Trip Report Madison River Ennis Montana July 14-16

This year for my annual summer/birthday trip I decided to do a stream I’ve heard a lot about but was leery of finally fishing; The Madison River near Ennis Montana. Read lots of discussion on this and other forums about crowding, regulation changes for lowering angling pressure, etc. and about the fishing which always sounded terrific. Fished three days July 14, 15, 16 (Tues-Thurs) with guides out of “The Tackle Shop” in Ennis Montana. Lodging was with the Fan Mountain Inn. Good, comfortable no frills motel close to downtown Ennis.

Drove down from Butte to Ennis the first morning. Lots of Pronghorn out eating breakfast in the fields. Calling the drive and area “Scenic” is an understatement. Checked in at the shop and headed off for first day floating Pallisades to Storey (Mosquito!) Slough. There were a fair number, say 10, boats in the lot and being prepped for launch at around 9AM, but it wasn’t what I would call crowded. Fishing was terrible. We couldn’t even get a whitefish to bite before 2PM. Picked up a couple of 12-14-inch rainbows late in the day to keep the skunk away but that stretch of river had almost nothing going on at all for everyone. I have no idea why but when we checked out of the hotel in Butte for the drive down it was cold, and frost was on the car. I didn’t recall seeing many bugs the first day. Some caddis in the bushes but that was all. And mosquitos, lots of mosquitos at takeout. My guide said it was the worst day of fishing he had this year.

Day 2 was Storey Slough to Eight Mile (I think). Morning temperature was much warmer and unlike the day before, at the put in caddis were everywhere in the bushes but fewer mosquitos. Quickly picked up a couple whitefish and 12-15-inch rainbows and browns nymphing, with a Prince nymph working best but nothing really spectacular. Then did a dry/dropper till around 11 when the dry fly bite turned on. Small foam something and mayfly dry tandem did pretty well getting bites but with a bunch of smaller fish also trying to play. At lunch we notice lots of yellow sallies in the air so made a switch to a small stonefly pattern and cazat! 22 inches of rainbow crushes it midriver. Rest of the day was strictly dry fly with the stonefly pattern. Banks, overhangs, deeper buckets and runs midriver and along the banks, all produced 6-15-inch browns and rainbows. Not spectacular but steady fishing.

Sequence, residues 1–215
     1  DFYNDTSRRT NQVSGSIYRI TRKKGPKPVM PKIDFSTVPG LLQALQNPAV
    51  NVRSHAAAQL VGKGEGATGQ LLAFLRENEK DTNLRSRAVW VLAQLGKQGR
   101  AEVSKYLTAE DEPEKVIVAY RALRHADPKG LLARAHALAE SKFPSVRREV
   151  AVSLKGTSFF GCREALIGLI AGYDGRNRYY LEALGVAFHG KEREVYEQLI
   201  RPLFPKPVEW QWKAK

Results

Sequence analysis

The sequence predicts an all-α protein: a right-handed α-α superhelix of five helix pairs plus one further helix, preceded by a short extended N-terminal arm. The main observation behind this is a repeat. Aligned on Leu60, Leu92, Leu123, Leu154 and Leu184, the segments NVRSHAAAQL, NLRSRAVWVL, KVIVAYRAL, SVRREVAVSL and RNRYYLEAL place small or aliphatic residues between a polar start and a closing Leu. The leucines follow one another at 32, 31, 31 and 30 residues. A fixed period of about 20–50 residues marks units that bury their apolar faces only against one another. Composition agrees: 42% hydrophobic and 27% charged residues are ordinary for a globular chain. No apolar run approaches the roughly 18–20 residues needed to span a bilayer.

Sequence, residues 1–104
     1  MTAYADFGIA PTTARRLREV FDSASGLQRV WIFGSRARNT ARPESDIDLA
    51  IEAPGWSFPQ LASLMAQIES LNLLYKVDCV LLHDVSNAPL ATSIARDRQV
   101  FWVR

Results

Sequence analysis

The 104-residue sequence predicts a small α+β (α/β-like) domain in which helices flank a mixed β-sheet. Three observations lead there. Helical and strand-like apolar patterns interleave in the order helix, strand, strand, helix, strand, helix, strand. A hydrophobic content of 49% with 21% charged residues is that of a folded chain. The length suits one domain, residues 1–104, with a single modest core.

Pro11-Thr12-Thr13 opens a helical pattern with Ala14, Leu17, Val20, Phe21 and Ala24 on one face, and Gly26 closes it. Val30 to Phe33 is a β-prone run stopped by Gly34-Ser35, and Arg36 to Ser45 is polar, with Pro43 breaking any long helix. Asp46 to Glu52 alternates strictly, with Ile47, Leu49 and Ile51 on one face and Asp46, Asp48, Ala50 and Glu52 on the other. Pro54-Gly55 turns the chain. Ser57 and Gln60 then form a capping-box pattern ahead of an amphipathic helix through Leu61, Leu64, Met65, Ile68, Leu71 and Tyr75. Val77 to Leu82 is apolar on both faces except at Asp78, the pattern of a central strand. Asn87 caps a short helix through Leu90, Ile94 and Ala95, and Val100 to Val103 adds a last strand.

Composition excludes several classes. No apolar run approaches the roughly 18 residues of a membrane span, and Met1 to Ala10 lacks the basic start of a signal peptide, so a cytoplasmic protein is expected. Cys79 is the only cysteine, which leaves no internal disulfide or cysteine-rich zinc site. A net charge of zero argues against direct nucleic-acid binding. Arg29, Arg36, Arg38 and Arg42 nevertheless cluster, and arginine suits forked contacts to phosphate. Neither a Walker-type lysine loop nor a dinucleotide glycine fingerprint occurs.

Day 3 was Varney Bridge to Ennis. It was a lot like day 2 except the two big fish came unstuck. One hooked at mid river headed toward the bank woodshed and forced an LDR. The second was a subtle take of a size 14 mayfly about an inch from the undercut bank followed by a big boil, tail slap, and gone. Tail looked as big as my hand. I had no chance with a 5WT and 4X. One suggestion I would make to someone fishing the Madison is bring a 6WT.

My two guides, Ken Stock on day one, Nick Acosta day two and three were simply fantastic.Ken went through his total bag of nymphing tricks to get a couple fish on the very slow first day. I’ve been there before and on days when the fish simply shut down IMHO your guide counts more than ever. Ken changed a day of poor fishing into a fun day on the Madison with a couple fish as a bonus. Sometimes it takes a day like that to remember catching is part of, not the total game. Ditto for Nick. Anyone who fishes with either of them is in good company. Nick produced the second largest dry fly fish I’ve ever caught. Incredible fishing and river knowledge, boat handling skill, casting tips, fun company, etc. Good guides make a trip memorable in more ways than just number of fish in the net. That IMHO also sums up a fishing trip on the Madison.

. River view 2.jpg River View 1.jpg River view 3.jpg Social Distancing in Montana.jpg Mountain view 2.jpg Mountain view 1.jpg Mountain view 3.jpg Mountain view 4.jpg Targer species Brown Trout.jpg Target species Rainbow Trout.jpg Large Rainbow.jpg Tom and Guide day 3.jpg Osprey.jpg Moose 1.jpg Moose 2.jpg The Tackle Shop.jpg
 

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